1 Introduction

Three-dimensional hydrodynamic models are efficient tools to deeply understand basin-scale currents and form the basis for developing water quality models. They are generally established based on the Navier–Stokes equations and split–explicit method (Blumberg and Mellor, 1987), such as the Regional Oceanic Modeling System (ROMS; Shchepetkin and Williams, 2005), Environmental Fluid Dynamics Computer Code (EFDC; Hamrick, 1992), and Finite-Volume Coastal Ocean Model (FVCOM; Chen et al., 2011). However, these models were initially developed for marine environments and cannot be directly applied to simulate currents in inland lakes with a limited water depth and fetch (Lükő et al., 2020) until some essential variables are reconsidered according to the characteristics of lake hydrodynamics, such as wind stress (wind drag coefficient), wind waves (wave-induced radiation stress), and turbulence (vertical eddy viscosity).

Wind is the main stress for driving currents in large water bodies (Hutter et al., 2011; MacIntyre et al., 2020; Rey et al., 2021; Schoen et al., 2014). Wind stress on the water surface has received considerable research attention in the field of hydrodynamics (Jeffreys, 1925; Munk, 1955; Wu, 1980; Shchepetkin and McWilliams, 2005; Chen et al., 2020). In addition to the wind speed, the impact of wind stress on hydrodynamics is also related to the wind drag coefficient, which is a constant or linear function of the wind speed (Large and Pond, 1981; Hamrick, 1992; Huang et al., 2010). However, recent field observations in large lakes have demonstrated discontinuous changes in the wind drag coefficient (Lükő et al., 2020; Xiao et al., 2013), which suggests that the wind drag coefficient reported from experimental studies in open oceans may pose large uncertainties when applied to inland lakes.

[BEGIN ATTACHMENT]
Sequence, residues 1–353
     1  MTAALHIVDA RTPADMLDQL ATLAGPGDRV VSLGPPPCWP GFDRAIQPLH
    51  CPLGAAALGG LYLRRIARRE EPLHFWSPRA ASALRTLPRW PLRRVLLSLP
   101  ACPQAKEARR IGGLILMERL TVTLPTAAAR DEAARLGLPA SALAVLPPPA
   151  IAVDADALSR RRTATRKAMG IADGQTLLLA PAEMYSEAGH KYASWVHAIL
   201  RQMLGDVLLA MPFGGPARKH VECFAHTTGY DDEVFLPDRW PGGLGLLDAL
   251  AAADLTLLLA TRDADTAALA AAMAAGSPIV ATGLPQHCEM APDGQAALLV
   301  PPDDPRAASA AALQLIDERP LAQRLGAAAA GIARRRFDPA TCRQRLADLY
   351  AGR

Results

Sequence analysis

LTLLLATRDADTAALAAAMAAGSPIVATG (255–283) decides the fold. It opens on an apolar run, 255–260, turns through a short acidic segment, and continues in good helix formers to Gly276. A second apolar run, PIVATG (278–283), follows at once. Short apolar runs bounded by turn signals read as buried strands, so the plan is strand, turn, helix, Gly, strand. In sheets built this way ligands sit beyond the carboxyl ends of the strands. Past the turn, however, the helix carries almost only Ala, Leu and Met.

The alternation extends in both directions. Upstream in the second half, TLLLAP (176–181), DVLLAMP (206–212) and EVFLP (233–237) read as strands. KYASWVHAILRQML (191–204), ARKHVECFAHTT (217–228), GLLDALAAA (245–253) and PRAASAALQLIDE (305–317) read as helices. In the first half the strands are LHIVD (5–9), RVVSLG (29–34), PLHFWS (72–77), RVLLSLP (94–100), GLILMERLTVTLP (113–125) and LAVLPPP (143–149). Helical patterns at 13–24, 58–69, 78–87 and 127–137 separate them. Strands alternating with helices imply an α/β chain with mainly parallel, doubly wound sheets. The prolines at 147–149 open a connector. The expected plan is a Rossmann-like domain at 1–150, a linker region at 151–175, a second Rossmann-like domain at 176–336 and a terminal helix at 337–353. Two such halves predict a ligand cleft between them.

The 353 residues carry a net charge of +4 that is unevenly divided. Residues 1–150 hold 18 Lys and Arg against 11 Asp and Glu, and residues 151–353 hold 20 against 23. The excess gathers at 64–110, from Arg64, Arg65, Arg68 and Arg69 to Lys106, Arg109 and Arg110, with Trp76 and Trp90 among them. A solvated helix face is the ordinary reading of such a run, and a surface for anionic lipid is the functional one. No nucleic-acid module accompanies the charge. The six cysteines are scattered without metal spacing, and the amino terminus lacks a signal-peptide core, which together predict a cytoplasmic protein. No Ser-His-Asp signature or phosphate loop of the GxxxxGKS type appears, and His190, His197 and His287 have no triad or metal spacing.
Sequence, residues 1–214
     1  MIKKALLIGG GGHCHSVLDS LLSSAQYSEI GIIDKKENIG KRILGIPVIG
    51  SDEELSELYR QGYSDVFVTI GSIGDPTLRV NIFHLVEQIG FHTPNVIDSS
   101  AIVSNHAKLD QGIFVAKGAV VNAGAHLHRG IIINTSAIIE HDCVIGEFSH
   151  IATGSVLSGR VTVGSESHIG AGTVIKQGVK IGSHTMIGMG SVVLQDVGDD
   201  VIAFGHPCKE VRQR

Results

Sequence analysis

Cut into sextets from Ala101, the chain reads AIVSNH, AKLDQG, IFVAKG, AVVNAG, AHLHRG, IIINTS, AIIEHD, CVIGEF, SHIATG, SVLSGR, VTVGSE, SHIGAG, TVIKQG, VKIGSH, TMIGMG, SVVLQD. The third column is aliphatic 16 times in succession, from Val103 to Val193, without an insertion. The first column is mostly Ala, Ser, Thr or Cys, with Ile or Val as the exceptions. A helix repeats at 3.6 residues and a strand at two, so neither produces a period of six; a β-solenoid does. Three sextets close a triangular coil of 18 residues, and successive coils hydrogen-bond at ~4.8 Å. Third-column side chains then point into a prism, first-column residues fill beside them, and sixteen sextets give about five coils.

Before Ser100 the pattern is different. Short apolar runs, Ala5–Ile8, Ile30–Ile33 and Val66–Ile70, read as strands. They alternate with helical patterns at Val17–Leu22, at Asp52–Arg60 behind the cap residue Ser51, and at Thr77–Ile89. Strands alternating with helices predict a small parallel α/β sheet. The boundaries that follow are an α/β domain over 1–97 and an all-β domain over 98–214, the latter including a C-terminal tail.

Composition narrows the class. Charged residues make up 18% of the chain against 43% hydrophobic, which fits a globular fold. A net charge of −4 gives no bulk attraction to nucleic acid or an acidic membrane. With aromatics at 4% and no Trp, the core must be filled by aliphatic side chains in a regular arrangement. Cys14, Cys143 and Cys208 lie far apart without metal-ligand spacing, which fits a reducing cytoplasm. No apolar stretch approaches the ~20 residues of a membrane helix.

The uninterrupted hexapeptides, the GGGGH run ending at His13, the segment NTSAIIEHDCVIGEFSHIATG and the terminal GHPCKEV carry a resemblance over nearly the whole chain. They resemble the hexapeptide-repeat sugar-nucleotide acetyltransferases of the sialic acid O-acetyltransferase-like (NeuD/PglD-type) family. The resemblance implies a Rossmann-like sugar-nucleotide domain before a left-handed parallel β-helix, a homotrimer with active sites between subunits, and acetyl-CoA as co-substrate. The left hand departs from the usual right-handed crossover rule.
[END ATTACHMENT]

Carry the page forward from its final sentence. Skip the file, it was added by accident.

Wind waves can also influence the development of wind-driven currents (Ji et al., 2017); however, numerical models applied to large lakes seldom consider the wind wave effect. The development of wind waves can affect the generation of wind-driven currents by altering the wind momentum transmission efficiency at the air–water interface (Chen et al., 2020; Wei et al., 2016; Wüest and Lurke, 2003) and stress equilibrium below the surface waves (Ardhuin et al., 2008; Longuet-Higgins and Stewart, 1964; Sun et al., 2006; Xu and Bowen, 1994). Some models have been recently revised to consider the wind wave effect represented by wave-induced radiation stress in ocean environments, including ROMS (Kumar et al., 2011; Warner et al., 2008) and FVCOM (Wu et al., 2011). However, few numerical studies have considered the wind wave effect in large lakes, even though the importance of wind waves for large lake ecosystems has been widely proven in the past 2 decades, especially for large shallow lakes (Hofmann et al., 2008; Jin and Ji, 2005; Vinçon-Leite and Casenave, 2019; Wu et al., 2019).